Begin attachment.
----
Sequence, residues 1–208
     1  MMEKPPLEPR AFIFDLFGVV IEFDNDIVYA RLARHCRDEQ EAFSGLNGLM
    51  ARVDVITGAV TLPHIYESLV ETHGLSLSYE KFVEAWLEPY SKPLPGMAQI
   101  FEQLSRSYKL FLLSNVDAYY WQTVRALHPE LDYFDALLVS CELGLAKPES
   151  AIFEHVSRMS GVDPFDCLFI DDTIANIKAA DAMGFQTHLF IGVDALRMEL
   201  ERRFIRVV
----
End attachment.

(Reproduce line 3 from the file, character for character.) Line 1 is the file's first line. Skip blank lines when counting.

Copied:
    51  ARVDVITGAV TLPHIYESLV ETHGLSLSYE KFVEAWLEPY SKPLPGMAQI